Testicular yolk sac tumors (also known as endodermal sinus tumor of the testis) is the most common childhood testicular tumor (80%), with most cases occurring before the age of two years 1. In adults, pure yolk sac tumor is extremely rare, however mixed germ cell tumor are commonly seen.
Totipotent cells, which later form extraembryonic fetal membranes, give rise to yolk sac tumors.
Perivascular structures called Schiller-Duval bodies can be found in 50% of tumors and are pathognomonic.
AFP (alpha fetoprotein) is elevated in >90% cases of yolk sac tumor. Macroscopically, the testis is replaced by a gelatinous mass. Microscopically, a positive reaction for AFP is seen in tumor cells.
Prospective radiologic characterization of yolk sac tumor is difficult, however a heterogeneous testicular mass favors non-seminomatous germ cell tumor (NSGCT), and at age <2 years, yolk sac tumor is the favored diagnosis.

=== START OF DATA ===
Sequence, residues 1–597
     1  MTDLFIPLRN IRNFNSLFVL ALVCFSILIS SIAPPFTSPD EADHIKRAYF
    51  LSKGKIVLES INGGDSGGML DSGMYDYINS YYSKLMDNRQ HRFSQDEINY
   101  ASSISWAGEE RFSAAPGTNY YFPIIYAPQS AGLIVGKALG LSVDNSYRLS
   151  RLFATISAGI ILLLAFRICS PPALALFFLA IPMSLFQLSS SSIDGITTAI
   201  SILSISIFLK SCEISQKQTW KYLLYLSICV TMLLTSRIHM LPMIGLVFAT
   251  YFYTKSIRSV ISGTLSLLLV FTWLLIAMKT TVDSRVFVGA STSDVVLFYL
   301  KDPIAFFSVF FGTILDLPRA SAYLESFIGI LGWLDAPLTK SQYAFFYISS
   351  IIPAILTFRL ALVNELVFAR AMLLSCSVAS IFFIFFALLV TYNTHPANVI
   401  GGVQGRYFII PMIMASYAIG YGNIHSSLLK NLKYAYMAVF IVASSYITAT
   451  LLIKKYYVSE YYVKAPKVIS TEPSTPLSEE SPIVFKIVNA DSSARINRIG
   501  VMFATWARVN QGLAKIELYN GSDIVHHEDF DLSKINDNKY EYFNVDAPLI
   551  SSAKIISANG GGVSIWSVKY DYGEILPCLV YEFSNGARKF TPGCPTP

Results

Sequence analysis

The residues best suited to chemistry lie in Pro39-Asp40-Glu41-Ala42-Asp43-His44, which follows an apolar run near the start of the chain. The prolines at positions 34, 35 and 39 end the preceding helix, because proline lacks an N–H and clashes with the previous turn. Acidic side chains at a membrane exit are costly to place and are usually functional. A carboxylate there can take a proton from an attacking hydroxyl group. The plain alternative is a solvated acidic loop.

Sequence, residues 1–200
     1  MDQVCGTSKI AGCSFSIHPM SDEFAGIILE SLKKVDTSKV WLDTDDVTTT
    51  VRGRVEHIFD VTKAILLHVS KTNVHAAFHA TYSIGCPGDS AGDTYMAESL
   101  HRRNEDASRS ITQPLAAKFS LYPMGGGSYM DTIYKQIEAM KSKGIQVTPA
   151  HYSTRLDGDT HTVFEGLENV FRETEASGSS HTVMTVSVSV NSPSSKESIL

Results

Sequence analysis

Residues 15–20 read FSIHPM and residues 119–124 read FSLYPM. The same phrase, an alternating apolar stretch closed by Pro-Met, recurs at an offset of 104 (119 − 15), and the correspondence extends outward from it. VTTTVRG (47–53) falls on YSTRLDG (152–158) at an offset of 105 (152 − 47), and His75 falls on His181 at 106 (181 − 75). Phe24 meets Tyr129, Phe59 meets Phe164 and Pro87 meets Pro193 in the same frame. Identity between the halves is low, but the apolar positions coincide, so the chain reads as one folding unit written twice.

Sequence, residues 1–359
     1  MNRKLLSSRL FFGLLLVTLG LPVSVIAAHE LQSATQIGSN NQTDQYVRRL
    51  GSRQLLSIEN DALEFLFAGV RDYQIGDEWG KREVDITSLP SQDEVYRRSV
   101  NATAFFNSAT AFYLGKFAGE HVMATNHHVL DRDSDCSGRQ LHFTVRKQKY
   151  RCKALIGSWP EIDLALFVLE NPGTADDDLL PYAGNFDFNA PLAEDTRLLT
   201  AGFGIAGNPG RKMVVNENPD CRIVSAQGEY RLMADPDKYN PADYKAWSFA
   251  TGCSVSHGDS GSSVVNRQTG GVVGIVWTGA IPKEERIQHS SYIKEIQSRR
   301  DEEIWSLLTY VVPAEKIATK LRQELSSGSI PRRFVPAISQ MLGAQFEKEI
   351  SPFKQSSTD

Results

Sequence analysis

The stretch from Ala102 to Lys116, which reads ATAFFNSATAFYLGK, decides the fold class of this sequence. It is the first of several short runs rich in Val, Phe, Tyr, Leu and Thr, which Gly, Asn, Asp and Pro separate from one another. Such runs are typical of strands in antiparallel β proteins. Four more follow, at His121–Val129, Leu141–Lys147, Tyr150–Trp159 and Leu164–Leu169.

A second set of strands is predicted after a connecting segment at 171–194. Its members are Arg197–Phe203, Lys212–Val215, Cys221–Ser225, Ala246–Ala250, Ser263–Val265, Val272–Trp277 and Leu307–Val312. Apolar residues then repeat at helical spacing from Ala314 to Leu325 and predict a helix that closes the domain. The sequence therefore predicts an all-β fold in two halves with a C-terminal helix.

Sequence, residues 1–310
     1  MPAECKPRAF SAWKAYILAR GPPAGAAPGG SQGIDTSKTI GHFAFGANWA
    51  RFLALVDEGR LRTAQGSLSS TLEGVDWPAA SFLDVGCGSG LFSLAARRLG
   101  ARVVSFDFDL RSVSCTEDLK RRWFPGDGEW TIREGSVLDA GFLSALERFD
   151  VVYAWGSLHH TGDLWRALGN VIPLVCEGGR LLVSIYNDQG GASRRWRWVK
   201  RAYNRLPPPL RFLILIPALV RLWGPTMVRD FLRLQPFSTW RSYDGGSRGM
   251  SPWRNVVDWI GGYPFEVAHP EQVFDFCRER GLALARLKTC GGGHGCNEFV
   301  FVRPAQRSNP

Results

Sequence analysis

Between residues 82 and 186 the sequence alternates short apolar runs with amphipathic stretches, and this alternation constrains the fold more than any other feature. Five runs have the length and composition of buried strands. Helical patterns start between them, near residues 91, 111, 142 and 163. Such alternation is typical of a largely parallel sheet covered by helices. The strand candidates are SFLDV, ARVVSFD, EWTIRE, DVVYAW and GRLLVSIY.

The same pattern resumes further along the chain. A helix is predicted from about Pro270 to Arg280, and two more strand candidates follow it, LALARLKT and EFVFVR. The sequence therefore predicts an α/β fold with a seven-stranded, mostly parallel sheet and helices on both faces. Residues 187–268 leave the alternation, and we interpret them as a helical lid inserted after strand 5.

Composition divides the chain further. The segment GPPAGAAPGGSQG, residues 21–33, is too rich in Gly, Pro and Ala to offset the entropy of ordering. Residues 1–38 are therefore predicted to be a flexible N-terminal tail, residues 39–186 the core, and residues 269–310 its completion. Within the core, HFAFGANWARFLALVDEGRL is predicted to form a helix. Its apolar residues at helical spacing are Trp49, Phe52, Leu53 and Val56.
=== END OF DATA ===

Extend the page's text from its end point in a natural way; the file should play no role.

Diffusely enlarged heterogeneous testis.
Heterogeneous testicular mass lesion with post-contrast heterogeneous enhancement, with areas of hemorrhage/necrosis 2.
Treatment and prognosis
If the tumor is restricted to the testis, and if the serum AFP is not elevated, orchiectomy is the preferred treatment, with close follow-up. If relapse occurs, chemotherapy is the treatment of choice. The lungs are the most common site of recurrence.
- 1. Woodward PJ, Sohaey R, O'donoghue MJ et-al. From the archives of the AFIP: tumors and tumorlike lesions of the testis: radiologic-pathologic correlation. Radiographics. 22 (1): 189-216. Radiographics (full text) - Pubmed citation
- 2. Tsili AC, Tsampoulas C, Giannakopoulos X et-al. MRI in the histologic characterization of testicular neoplasms. AJR Am J Roentgenol. 2007;189 (6): W331-7. doi:10.2214/AJR.07.2267 - Pubmed citation
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